A frequent and considerable concern regarding use of essentials oils in a clinical setting is that they are not FDA (U.S. Food and Drug Administration) regulated and cannot claim to treat disease. In a medical setting, they may be used only for specific indications, and the language surrounding their use must be monitored. For example, essential oils can be said to “minimize comfort” but not “treat pain”; they can be used to “promote a sense of calm and well- being”, but not “treat anxiety”.
Since essentials oils manufactures are not regulated by FAD or any other regulatory body, it is the responsibility of the practitioner to investigate any supplier from witch an essential oil is obtained to ensure that the oil has a known botanical origin, is of high quality, and has been tested for chemical makeup between batches. Without standardization, it’s impossible to guarantee the therapeutic value and safety of any product.
The National Association for Holistic Aromatherapy (NAHA) emphasizes six factors that influence the safe use of essential oil:
quality, chemical composition, method of application, dosage (or dilution), integrity of skin, and age of the client.
It provides these 12 general safety guidelines:
1. Keep all essential oils out of reach of children and pets.
2. Do not use or recommend the use of photosensitizing essential oils prior to going into a sun tanning booth or the sun. Recommend that the client stay out of the sun or sun tanning booth for at least twenty-four hours after treatment if photosensitizing essential oils were applied to the skin.
3. Avoid prolonged use of the same essential oils.
4. Avoid the use of essential oils you know nothing about on your clients. Research and get to know the oil prior to using it on others.
5. Avoid the use of undiluted essential oils on the skin, unless otherwise indicated.
6. If you suspect your client may be sensitive to specific essential oils or if your client has known allergies or sensitivities, it may be wise to perform a skin patch test.
7. Know the safety data on each essential oil and place into context of use and knowledge.
8. Use caution when treating a female client who suspects she is pregnant or has been trying to become pregnant.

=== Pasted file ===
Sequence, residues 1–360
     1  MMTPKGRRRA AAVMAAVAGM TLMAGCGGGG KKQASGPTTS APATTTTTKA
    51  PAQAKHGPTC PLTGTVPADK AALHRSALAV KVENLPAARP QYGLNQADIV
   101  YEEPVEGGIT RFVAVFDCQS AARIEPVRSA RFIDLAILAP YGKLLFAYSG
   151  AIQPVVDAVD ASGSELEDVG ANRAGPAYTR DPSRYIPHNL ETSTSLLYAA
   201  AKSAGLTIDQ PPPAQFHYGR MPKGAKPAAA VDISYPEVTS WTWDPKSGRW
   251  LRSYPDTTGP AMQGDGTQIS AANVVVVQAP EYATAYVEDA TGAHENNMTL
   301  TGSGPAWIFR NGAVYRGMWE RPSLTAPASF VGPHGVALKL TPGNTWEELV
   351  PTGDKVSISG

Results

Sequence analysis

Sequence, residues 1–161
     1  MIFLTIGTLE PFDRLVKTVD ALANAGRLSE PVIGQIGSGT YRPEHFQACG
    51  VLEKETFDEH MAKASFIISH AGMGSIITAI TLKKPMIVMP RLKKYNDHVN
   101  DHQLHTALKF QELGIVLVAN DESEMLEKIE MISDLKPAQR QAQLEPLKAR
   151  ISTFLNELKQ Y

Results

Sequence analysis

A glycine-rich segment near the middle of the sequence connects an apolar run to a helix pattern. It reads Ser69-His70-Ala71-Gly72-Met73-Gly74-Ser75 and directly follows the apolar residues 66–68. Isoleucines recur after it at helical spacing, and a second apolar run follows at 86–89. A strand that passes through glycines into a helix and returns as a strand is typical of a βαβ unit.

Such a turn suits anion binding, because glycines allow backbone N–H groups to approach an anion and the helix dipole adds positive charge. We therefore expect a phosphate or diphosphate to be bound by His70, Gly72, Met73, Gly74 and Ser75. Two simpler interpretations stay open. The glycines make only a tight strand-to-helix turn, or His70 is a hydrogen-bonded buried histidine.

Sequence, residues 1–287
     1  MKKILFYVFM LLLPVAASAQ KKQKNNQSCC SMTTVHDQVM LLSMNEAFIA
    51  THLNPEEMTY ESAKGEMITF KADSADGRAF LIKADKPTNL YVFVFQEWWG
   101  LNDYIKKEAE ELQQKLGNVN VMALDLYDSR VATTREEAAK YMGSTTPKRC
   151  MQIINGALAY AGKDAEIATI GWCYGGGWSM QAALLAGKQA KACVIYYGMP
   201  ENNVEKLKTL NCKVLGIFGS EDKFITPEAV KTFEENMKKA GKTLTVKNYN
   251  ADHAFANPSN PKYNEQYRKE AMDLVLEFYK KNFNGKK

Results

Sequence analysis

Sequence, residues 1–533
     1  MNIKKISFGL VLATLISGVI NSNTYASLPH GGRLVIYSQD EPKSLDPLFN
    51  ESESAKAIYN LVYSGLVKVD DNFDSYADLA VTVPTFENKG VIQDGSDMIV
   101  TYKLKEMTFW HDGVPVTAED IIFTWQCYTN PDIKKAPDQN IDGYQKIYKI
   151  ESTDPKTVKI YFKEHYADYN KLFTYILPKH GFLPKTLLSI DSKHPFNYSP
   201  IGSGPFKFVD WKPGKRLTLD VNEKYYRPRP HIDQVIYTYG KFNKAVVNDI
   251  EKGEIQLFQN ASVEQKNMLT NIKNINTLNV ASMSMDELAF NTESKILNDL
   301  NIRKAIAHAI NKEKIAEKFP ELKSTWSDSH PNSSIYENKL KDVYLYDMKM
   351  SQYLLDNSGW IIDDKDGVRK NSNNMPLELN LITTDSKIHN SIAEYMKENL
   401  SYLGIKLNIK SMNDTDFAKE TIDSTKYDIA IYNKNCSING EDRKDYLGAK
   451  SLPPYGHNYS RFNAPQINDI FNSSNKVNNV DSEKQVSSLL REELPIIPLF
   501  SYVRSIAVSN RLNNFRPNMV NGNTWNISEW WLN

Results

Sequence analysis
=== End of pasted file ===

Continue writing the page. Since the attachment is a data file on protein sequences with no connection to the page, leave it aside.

9. Keep essential oils away from the eyes.
10. Essential oils are highly flammable substances and should be kept away from direct contact with flames, such as candles, fire, matches, cigarettes, and gas cookers.
11. Make sure your treatment room has good ventilation.
12. Do not use essential oils internally unless properly trained in the safety issues of doing so. Please visit NAHA’s approved schools to explore education in aromatherapy.
Kjell H Kjellevold
Some essential oils can cause a burning sensation when applied to sensitive skin. If this happens, do not try to wash off the oil with soap and water. This will just spread the oil. Instead dilute the oil with olive oil, unperfumed massage oil, or coconut oil. Apply the diluting oil liberally. The burning sensation will stop almost instantly as soon as the essential oils become incorporated with the larger volume of the carrier oil that has been applied over them. Wipe off the oil when the discomfort stops. Apply additional carrier oil if discomfort reoccurs.
If you never have tried essential oil and the comfort and wellbeing using them you should give it a try! You must always be sure that you are using high quality essential oils, and not oils that were intended for perfume or flavoring. Most oils can be safely used at home without special training. If you want to try essential oils I strongly recommend the same company as I use: Click here!
Kjell H Kjellevold
Peppermint oil is made from the peppermint plant, which has been used for many years as a tea to calm the digestion. Peppermint has an anti-spasmodic action, and calms the smooth muscles of the stomach, intestines, and uterus. Peppermint also has analgesic (pain-killing) properties. Peppermint oil is used for all the main symptoms of IBS, but it may be particularly effective at relieving cramps, spasms and pain. There have been several published scientific studies showing that peppermint oil is useful in treating IBS symptoms.